A Pledge Against Bullying

     I recently found a blog dedicated to getting mom bloggers to pledge not to be online bullies. It’s a neat site. You agree that, basically, you won’t be a jerk. It just asks that you express your opinions in a non-jerk way, and don’t criticize people, specifically moms, who do things differently than you do. It’s a good promise to make. I watched a piece on the Today show called “Mommy Meanest” about how some people apparently don’t have anything to do with their time aside from hopping from one blog to another and leaving hateful comments.

     Like most things, this got me thinking. Bullying seems like a real issue these days, both online and in person. Luckily, my son has never had major issues with this. He’s had a few run-ins during his public school days, but nothing too traumatic. Some of his friends have had real problems, though, and I especially notice how nasty little girls seems to be these days. This lead me to a rather obvious conclusion–apparently the online mom bullies are reproducing. There’s a scary thought.

     Obviously, this type of hateful language is a learned behavior. It’s really not that hard to figure out. Growing up with a severely disabled sister meant I saw and heard lots of things that I’m sure qualified as bullying. The one big physical altercation I was involved in as a child resulted from a girl making a comment about my sister that I didn’t approve of. Now my daughter, also disabled, though in very different ways, is in school and away from me all day. Now, Evelyn could give a crap about what anyone says.  It’s more the idea of it that bugs me.  She’s in a classroom for moderate and severely impaired kids, and I know sometimes people stare and make rude comments. Once, when she first started in school, I went to pick her up a little early for an appointment. As we were going down the stairs, a bigger kid, maybe a third or fourth grader, was a flight above us. He was making what sounded like a little bird call, but what he was saying was “re-tard, re-tard,” in a sing-song way, so maybe I wouldn’t know what he was saying.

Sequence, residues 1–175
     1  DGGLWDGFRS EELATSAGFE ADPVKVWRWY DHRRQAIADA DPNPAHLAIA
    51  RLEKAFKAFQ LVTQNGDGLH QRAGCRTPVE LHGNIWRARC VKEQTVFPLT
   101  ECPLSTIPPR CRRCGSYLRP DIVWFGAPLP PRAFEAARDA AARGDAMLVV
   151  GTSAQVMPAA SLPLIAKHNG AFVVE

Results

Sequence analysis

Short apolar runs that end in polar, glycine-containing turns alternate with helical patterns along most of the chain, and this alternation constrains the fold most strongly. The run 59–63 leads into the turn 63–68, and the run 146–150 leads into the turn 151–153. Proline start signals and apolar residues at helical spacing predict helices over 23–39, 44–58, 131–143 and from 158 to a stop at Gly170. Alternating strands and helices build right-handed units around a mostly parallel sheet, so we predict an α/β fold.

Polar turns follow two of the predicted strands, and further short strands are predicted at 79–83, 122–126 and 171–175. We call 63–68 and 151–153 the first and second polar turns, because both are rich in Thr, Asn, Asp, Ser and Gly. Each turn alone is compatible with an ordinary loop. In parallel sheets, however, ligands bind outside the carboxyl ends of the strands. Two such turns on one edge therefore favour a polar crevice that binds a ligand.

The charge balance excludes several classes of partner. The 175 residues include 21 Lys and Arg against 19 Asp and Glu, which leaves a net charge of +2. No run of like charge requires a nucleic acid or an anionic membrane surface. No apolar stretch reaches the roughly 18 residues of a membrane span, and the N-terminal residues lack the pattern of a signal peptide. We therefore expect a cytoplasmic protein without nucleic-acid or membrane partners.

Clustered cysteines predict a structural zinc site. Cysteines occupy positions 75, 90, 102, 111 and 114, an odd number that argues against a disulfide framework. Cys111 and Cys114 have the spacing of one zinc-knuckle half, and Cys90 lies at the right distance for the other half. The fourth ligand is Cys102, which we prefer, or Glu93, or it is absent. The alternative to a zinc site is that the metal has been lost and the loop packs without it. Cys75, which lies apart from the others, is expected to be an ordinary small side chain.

Really.

     So, I did what any mature adult would do and just ignored him.

     Hahahahahahahahahahahahaha! If you actually believe that, then you don’t know me very well, do you? What I actually did was stop and wait for him, pretending that I was looking in Evelyn’s bag so he wouldn’t know I was lying in wait for him, and then caught him as he went by. I stepped in front of him and asked him what his name was. He didn’t want to tell me. I told him it didn’t matter if he told me or not, that I knew what he said, and I thought it was a shame that he was already so mean at such a young child, because he didn’t stand a chance when he was an adult. I also told him that I had better not find out that he ever said anything to or about my daughter again, or I would talk to him and his parents personally. Then I marched right up to the principal’s office and told the principal what had happened. He assured me he would handle it.

     I over-reacted. I know this. It was just some little punk whose parents are probably big punks, and he didn’t know any better. Evelyn didn’t know anything about what he was saying. The person who came out on the bad end of that deal was, of course, me. I was stressed and angry for hours after that, I cried, I said all sorts of unladylike things, just typical melodramatic b.s. It murdered my soul to think that my little girl would be on the outside of things, always different, always left out, and always left behind.

     Obviously, thee were a lot of deep-rooted issues there that I have learned to deal with over the years. No one wants their kids to suffer, but the important thing is that you teach them how to deal with those types of situations. The world is full of jerks. Sooner or later, you’re going to run into one. It’s hard to tone down those mother lion instincts–it’s still something I deal with. I just try to tell myself that I am a role model for my kids (now THERE’S a scary thought) and I want to do the best I can for them. I have to teach them how to deal with people who might be mean to them. You have to handle the situation with maturity, and don’t let the things the jerks say hurt you. And if that doesn’t work, kick their ass.

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